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After the promises: a guide to ECD post the local government elections 2016
In this policy post Patricia Martin considers how to push for activation of the ECD sector following the August 2016 local government elections
Well, the local government elections, and hopefully the celebratory or remorse hangovers, are now behind us. The newly elected administrations now face the hard work of making the many promises a reality and creating better communities and livelihoods for the people in their constituencies. This fresh start represents a wonderfully unique opportunity to get ECD firmly on the agenda of the new local administrations. However, making the most of this opportunity requires careful and strategic planning and advocacy.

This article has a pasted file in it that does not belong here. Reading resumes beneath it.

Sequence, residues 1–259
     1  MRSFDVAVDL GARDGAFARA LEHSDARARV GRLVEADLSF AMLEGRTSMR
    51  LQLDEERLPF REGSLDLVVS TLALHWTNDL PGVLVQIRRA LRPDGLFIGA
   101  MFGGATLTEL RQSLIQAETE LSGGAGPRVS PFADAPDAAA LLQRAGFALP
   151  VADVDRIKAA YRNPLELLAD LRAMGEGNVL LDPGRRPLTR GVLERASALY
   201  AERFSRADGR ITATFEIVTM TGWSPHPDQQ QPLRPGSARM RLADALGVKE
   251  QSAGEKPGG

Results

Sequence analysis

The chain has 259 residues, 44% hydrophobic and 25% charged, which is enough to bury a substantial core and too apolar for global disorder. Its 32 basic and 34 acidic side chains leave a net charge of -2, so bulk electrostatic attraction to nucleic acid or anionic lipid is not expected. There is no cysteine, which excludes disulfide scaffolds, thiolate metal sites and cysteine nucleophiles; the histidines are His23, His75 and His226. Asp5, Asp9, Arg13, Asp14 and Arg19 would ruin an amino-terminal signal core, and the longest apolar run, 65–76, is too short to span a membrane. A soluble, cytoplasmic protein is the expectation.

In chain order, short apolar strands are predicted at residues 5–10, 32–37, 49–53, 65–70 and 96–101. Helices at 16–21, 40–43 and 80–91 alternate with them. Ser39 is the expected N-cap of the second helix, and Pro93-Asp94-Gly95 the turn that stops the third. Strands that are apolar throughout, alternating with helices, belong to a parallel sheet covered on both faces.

There are 278 municipalities in South Africa, comprising eight metropolitan, 44 district and 226 local municipalities. They are focused on growing local economies and providing infrastructure and service. If well-planned, the ECD sector can make significant shifts happen at local government level – that is if the sector uses the new space strategically and systematically to ensure that all 278 municipalities place ECD at the centre of their rights and development vision as captured in their IDPs and budgets.
Engaging with municipalities one at a time is not likely to unlock the required universal and systemic commitment and changes we need to see across all municipalities. Even if we were to engage with one municipality at a time, who will do this engagement, will such engagement happen quickly enough in the small window we have now in the post-election period, and how will we ensure consistency across the various advocacy initiatives?
The ECD policy in fact provides a strategic and systemic solution to ensure universal and effective fulfillment of local governments’ ECD responsibilities. The ECD sector must put their collective weight behind it to ensure it is actioned without delay.